We’re not gonna lie, this isn’t a weeknight meal that can be simply thrown together. These tamales took us 2 days to make. Even with our trusty pressure cooker we didn’t have the stamina to power through in one evening. But the results are worth it. A tender morsel of pork embedded in masa, potato and rice with a few other things tossed in for good measure, resulted in something unusual and delicious and that’s what food explorer is all about. The banana leaf wrapping was something we had never seen before and it imparted it’s own flavor after 2 hours of boiling.
In Costa Rica making tamales are a Christmas tradition, probably because it takes a whole family and a lot of time to make them. We’re glad we tried making and we’d recommend them as a family project, just set aside a whole day or two to do it.
Here’s a recipe that we followed.
When we hear the word Tilapia we think farmed, bland fish that might as well be chicken breast. In Costa Rica, it’s actually a native species that thrives in the warm, fresh water of this tropical country and it’s an integral part of the Costa Rican diet. And we just happened to have some in the freezer. Besides ceviche, which we didn’t dare try with our fish of questionable age and provenance, there were very few actual recipes online so we made one up. A light layer of flour, a quick dip in egg wash and a bread crumb/coconut coating that got nice and crispy in the frying pan was all it took. Along with the standard rice and beans, we whipped up a mango salsa and a simple salad of avocado and cucumber sprinkled with salt and lime juice. And of course Salsa Lizano, always.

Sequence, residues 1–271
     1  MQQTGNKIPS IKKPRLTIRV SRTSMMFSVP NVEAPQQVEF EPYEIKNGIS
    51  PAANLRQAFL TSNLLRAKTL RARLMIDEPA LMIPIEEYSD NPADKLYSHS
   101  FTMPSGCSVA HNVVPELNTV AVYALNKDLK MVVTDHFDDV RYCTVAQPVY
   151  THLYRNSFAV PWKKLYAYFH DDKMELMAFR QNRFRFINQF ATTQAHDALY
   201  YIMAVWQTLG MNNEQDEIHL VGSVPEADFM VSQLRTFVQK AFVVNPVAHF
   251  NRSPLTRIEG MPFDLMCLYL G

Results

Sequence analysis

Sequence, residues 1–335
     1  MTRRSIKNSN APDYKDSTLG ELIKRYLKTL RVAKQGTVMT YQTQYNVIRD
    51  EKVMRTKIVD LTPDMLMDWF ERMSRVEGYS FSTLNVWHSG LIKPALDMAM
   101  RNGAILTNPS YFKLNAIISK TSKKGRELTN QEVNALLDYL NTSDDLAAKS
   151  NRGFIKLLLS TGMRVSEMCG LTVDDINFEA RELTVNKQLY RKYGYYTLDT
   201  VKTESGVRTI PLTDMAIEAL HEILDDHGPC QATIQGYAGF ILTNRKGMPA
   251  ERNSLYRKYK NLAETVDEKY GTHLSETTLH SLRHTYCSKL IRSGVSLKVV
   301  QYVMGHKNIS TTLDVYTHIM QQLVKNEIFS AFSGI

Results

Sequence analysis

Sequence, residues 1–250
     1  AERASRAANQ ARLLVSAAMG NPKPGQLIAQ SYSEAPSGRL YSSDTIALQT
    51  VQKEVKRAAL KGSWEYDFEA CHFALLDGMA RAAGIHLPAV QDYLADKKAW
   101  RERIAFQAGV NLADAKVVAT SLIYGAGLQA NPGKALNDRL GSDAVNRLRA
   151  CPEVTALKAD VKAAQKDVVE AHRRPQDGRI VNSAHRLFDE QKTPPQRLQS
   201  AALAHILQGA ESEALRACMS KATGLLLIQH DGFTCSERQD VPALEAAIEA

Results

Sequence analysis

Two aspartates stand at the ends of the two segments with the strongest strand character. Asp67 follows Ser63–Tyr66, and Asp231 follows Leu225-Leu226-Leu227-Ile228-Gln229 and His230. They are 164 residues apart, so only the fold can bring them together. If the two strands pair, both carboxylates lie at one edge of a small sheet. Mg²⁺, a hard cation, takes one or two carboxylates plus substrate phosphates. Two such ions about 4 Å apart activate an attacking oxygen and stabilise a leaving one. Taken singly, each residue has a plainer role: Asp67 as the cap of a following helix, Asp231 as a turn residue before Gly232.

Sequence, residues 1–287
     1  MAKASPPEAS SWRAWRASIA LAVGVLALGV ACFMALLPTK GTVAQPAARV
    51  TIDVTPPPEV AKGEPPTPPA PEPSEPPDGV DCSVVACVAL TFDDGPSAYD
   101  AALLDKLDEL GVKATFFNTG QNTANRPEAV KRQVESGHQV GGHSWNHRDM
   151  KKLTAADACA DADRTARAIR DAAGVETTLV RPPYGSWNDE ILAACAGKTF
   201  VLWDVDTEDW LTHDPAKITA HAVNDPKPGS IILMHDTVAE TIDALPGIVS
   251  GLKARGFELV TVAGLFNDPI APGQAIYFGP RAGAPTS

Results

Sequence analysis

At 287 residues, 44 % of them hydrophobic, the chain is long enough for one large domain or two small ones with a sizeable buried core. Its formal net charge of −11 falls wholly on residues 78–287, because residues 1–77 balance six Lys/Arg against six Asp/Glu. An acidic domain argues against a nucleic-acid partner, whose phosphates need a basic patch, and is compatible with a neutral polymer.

Click through for the recipes.
They keep things pretty simple in Costa Rica. Rice, beans, salad and a meat are all you need for a full meal and that’s what Casado is. This is a typical lunch in Costa Rica, which is the big meal of the day. And they say that Casado, which means marriage, is what the women made to make sure their husbands came home. It’s often served with plantain and tortillas too. For the meat, we cooked up some chicken thighs in a pepper and onion braise that turned out to be a good sauce for the rice and beans. Of course the magic ingredient that no Costa Rican would live without is Salsa Lizano, as hard-to-define as it is hard to find outside of the country. The best description we came across was a vegetarian worcestershire sauce. We remembered it well from our time in Costa Rica and had to travel deep into Brooklyn to find it. Armed with 2 big bottles of the stuff, we’re looking forward to the rest of Costa Rica week!
Click through for the Chicken recipe.